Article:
The forty-fourth Psalm we must suppose to have been written on occasion of a persecution, under which the church at that time laboured; but a verse of it is cited, Rom. viii. 36. as expressive of what Christians were to suffer on their blessed Master's account; "as it is written, for thy sake are we killed all the day long; we are counted as sheep appointed to be slain.”

A quotation from the forty-fifth Psalm, in Heb. i. 8. certifies us, that the whole is addressed to the Son of God, and therefore celebrates his spiritual union with the church, and the happy fruits of it.

The sixty-eighth Psalm, though apparently conversant about Israelitish victories, the translation of the ark to Sion, and the services of the tabernacle, yet does, under those figures, treat of Christ's resurrection, his going up on high, leading captivity captive, pouring out the gifts of the Spirit, erecting his church in the world, and enlarging it by the accession of the nations to the faith; as will be evident to any one who considers the force and consequence of the apostle's citation from it, Ephes. iv. 7, 8.


“ Unto every one of us is given grace, according to the measure of the gift of Christ. Wherefore he saith, when he ascended up on high, he led captivity captive, and gave gists unto men.”

The sixty-ninth Psalm is five times referred to in the gospels, as being uttered by the prophet, in the person of Messiah. The imprecations, or rather predictions, at the latter end of it, are applied, Rom. xi. 9, 10. to the Jews; and to Judas, Acts i. 20. where the hundred and ninth Psalm is also cited, as prophetical of the sore judgments which should befall that arch-traitor, and the wretched nation of which he was an epitome.

St. Matthew, informing us, Chap. xiii. 34. that Jesus spake to the multitudes in parables, gives it as one reason why he did so, " that it might be fulfilled which was spoken by the prophet; Psalm Ixxviii. 2. I will open my mouth in a parable; I will utter things which have been kept secret from the foundation of the world."

The ninety-first Psalm was applied by the tempter to Messiah: nor did our Lord object to the application, but only to the false inference which bis adversary suggested from it, Matt. iv.

6, 7,

The ninety-fifth Psalm is explained at large in Heb. iii. and iv. as relative to the state and trial of Christians in the world, and to their attainment of the heavenly rest.

The hundred and tenth Psalm is cited by Christ himself, Matt. xxii. 44. as treating of his exaltation, kingdom, and priesthood.

The hundred and seventeenth Psalm, consisting only of two verses, is employed, Rom. xv. 11. to prove, that the Gentiles were one day to praise God for the mercies of redemption.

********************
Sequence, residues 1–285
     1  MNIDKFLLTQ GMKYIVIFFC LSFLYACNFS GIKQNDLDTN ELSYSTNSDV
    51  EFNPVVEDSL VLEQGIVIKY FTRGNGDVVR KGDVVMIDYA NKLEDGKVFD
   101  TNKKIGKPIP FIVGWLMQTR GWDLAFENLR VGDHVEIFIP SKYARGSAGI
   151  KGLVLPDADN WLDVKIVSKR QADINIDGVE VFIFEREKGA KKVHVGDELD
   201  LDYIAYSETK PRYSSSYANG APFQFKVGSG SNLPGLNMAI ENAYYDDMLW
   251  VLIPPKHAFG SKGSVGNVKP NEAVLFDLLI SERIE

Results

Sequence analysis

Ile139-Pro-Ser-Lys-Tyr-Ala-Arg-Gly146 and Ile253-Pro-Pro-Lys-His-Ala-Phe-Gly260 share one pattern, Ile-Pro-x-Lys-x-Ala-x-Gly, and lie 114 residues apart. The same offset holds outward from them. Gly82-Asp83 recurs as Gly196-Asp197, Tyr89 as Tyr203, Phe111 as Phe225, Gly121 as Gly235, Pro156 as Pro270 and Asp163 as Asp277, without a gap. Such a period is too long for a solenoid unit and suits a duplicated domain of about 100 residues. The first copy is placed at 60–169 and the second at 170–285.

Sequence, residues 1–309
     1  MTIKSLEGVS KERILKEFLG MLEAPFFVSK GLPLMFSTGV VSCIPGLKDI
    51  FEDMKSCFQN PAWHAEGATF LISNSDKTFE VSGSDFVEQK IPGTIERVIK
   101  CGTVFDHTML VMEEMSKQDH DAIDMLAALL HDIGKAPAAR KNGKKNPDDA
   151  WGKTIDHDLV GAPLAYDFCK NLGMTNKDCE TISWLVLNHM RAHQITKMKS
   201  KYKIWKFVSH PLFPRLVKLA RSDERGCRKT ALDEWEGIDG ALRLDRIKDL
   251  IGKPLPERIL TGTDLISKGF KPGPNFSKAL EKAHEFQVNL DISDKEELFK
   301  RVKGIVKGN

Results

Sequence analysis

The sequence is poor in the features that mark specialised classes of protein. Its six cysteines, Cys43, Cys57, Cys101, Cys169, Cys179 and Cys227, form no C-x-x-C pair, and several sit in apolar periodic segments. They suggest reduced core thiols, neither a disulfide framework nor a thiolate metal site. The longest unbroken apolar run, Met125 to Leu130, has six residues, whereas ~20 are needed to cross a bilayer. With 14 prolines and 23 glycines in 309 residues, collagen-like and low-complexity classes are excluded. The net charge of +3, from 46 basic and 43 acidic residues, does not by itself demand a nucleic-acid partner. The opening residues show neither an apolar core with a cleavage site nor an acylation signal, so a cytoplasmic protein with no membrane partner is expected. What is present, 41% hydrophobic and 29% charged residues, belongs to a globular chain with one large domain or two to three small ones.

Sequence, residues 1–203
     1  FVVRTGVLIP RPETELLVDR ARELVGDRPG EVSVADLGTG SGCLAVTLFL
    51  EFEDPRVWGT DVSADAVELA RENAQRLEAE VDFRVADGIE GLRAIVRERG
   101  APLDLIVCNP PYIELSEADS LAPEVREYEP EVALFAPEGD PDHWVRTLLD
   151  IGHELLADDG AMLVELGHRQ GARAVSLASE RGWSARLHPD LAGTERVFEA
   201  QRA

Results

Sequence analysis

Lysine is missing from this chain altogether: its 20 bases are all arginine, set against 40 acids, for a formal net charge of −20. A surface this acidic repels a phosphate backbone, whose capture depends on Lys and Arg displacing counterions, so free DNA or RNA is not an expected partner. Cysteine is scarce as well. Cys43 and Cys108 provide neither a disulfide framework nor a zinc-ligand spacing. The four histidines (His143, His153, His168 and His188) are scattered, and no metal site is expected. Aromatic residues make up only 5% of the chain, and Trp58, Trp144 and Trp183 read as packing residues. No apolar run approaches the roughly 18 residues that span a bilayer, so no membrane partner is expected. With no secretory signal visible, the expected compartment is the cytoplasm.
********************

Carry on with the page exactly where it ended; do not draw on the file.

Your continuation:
The 22d verse of the hundred and eighteenth Psalm, “ The stone which the builders refused,” &c. is quoted six different times as spoken of our Saviour.

And, lastly, “the fruit of David's body,” which God is said in the hundred and thirty-second Psalm, to have promised that he would «

place upon his throne,” is asserted, Acts ii. 30. to be Jesus Christ.

These citations, lying dispersed through the Scriptures of the New Testament, are often suffered by common readers to pass unnoticed. And many others content themselves with saying, that they are made in a sense of accommodation, as passages may be quoted from poems or histories merely human, for the illustration of truths, of which their authors never thought. this (as a learned critic observes) is no fault, but rather a beauty in writing. A passage applied justly, and in a new sense, is ever pleasing to an ingenious reader, who loves to be agreeably sutra prised, and to see a likeness and pertinency where he expected

6 And

He has that surprise which the Latin poet so poetically gives to the tree;

• Miraturque novas frondes, et non sua poma."

The readers, who have been accustomed to consider the New Testament citations in this view of accommodation only, must perceive the necessity of such accommodation, at least, to adapt the use of the Psalms, as a part of divine service, to the times and circumstances of the gospel; and cannot therefore reasonably object, upon their own principles, to the applications made in the following sheets for that purpose. But not to inquire, at present, whether passages are not sometimes cited in this manner, surely no one can attentively review the above made collection of New Testament citations from the book of Psalms, as they have been placed together before him, withont perceiving that the Psalms are written upon a divine, preconcerted, prophetical plan, and contain much more than, at first sight, they appear to do. They are beautiful without, but all glorious within, like“ apples of gold in pictures, or net-work cases, of silver,” Prov. xxv. 11. The brightness of the casket attracts ouf attention, till, through it, upon a nearer approach, we discover its contents. And then indeed, it may be said to have “no glory, by reason of the glory that so far excelleth."*

Very delightful and profitable they are, in their literal and historical sense, which well repayeth all the pains taken to come at it. But that once obtained, a farther scene begins to open upon us, and all the blessings of the gospel present themselves to the eye of faith. So that the expositor is as a traveller ascending an eminence neither unfruitful nor unpleasant; at the top of which when he is arrived, he beholds, like Moses from the summit of mount ebo, a more lovely and extensive prospect lying beyond it, and stretching away to the utmost bounds of the everlasting bills. He sees vallies covered over with corn, blooming gardens, and verdant meadows, with flocks and herds feeding by rivers of water; till ravished with the sight, he cries out, as St. Peter did, at the view of his Master's glory," It is good to be here !"

It would be unreasonable to suppose, that no parts of the Psalms may by us be spiritually applied, but such as are already expressly applied for us by the inspired writers. Let any man

• 2 Cor. iii. 10.